Is the Sky the Limit for Wind Power?
In the future, will wind power tapped by high-flying kites light up New York? A new study by scientists at the Carnegie Institution and California State University identifies New York as a prime location for exploiting high-altitude winds, which globally contain enough energy to meet world demand 100 times over. The researchers found that the regions best suited for harvesting this energy match with population centers in the eastern U.S. and East Asia, but fluctuating wind strength still presents a challenge for exploiting this energy source on a large scale.
Using 28 years of data from the National Center for Environmental Prediction and the Department of Energy, Ken Caldeira of the Carnegie Institution’s Department of Global Ecology and Cristina Archer of California State University, Chico, compiled the first-ever global survey of wind energy available at high altitudes in the atmosphere. The researchers assessed potential for wind power in terms of “wind power density,” which takes into account both wind speed and air density at different altitudes.
“There is a huge amount of energy available in high altitude winds,” said coauthor Ken Caldeira. “These winds blow much more strongly and steadily than near-surface winds, but you need to go get up miles to get a big advantage. Ideally, you would like to be up near the jet streams, around 30,000 feet.”
Jet streams are meandering belts of fast winds at altitudes between 20 and 50,000 feet that shift seasonally, but otherwise are persistent features in the atmosphere. Jet stream winds are generally steadier and 10 times faster than winds near the ground, making them a potentially vast and dependable source of energy. Several technological schemes have been proposed to harvest this energy, including tethered, kite-like wind turbines that would be lofted to the altitude of the jet streams. Up to 40 megawatts of electricity could be generated by current designs and transmitted to the ground via the tether.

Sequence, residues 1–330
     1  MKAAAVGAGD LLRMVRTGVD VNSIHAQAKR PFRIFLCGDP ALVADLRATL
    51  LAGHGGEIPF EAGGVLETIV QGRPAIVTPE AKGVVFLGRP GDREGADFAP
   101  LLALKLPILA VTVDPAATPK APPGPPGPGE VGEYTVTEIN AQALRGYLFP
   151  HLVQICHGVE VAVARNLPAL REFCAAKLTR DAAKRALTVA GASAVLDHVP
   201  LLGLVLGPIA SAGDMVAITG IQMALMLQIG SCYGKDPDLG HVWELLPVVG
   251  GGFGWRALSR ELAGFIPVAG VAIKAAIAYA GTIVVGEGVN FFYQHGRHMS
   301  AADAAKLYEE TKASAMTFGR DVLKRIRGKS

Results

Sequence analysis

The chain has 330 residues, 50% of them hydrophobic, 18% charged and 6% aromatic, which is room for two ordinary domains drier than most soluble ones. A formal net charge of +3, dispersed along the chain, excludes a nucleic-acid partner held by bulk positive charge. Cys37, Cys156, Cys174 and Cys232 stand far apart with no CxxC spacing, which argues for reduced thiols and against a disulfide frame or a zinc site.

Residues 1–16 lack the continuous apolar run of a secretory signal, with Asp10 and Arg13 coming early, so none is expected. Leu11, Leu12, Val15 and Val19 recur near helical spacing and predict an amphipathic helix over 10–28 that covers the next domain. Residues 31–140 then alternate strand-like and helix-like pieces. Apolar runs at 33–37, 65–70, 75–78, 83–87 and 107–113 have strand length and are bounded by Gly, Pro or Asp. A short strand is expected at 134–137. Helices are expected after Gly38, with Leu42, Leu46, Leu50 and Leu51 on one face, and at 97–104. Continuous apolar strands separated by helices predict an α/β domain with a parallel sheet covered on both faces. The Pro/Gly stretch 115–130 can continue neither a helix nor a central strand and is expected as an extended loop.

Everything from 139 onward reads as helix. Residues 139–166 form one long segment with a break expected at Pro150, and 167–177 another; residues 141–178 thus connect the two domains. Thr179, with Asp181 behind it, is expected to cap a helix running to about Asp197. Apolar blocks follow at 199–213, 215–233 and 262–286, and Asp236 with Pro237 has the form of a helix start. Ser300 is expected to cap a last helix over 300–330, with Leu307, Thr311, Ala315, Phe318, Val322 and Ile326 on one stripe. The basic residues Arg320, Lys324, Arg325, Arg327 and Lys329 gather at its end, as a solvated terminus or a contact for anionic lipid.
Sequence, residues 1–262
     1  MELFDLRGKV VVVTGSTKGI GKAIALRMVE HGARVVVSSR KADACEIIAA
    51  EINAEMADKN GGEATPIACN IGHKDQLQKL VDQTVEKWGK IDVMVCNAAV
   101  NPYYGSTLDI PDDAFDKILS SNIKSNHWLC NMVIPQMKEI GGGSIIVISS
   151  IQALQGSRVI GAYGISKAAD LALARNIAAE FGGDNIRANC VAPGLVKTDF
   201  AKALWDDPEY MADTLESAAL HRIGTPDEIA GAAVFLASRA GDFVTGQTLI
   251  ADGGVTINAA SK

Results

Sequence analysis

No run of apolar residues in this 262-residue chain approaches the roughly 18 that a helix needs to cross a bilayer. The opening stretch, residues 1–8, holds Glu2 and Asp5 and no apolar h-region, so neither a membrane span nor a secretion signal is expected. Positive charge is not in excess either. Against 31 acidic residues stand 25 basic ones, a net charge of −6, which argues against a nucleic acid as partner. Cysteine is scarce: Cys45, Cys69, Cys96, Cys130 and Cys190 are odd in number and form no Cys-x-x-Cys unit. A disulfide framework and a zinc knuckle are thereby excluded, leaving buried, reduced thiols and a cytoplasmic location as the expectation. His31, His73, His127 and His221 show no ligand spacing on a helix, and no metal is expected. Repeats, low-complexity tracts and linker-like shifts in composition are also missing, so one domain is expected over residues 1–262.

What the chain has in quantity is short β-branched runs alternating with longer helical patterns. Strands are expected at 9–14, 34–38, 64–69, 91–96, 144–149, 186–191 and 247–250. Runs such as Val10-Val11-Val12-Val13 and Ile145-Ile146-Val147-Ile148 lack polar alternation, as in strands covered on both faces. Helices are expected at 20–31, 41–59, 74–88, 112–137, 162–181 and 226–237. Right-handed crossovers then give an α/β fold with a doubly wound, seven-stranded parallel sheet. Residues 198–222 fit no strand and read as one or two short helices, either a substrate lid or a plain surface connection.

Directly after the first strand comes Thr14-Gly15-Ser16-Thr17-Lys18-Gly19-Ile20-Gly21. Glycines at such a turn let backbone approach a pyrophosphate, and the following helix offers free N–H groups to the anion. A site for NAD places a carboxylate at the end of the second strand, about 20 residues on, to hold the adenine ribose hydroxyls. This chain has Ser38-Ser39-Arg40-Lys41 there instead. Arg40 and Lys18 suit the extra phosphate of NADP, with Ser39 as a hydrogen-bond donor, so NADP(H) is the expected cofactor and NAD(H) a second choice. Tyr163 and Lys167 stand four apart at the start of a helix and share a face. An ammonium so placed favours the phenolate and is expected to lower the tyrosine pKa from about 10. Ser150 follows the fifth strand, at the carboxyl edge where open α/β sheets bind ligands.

“We found the highest wind power densities over Japan and eastern China, the eastern coast of the United States, southern Australia, and north-eastern Africa,” said lead author Archer. “The median values in these areas are greater than 10 kilowatts per square meter. This is unthinkable near the ground, where even the best locations have usually less than one kilowatt per square meter.”
Included in the analysis were assessments of high altitude wind energy for the world’s five largest cities: Tokyo, New York, Sao Paulo, Seoul and Mexico City. “For cities that are affected by polar jet streams such as Tokyo, Seoul and New York, the high-altitude resource is phenomenal,” said Archer. “New York, which has the highest average high-altitude wind power density of any U.S. city, has an average wind power density of up to 16 kilowatts per square meter.”
Tokyo and Seoul also have high wind power density because they are both affected by the East Asian jet stream. Mexico City and Sao Paulo are located at tropical latitudes, so they are rarely affected by the polar jet streams and just occasionally by the weaker sub-tropical jets. As a result, they have lower wind power densities than the other three cities.
“While there is enough power in these high altitude winds to power all of modern civilization, at any specific location there are still times when the winds do not blow,” said Caldeira. Even over the best areas, the wind can be expected to fail about five percent of the time. “This means that you either need back-up power, massive amounts of energy storage, or a continental or even global scale electricity grid to assure power availability. So, while high-altitude wind may ultimately prove to be a major energy source, it requires substantial infrastructure.”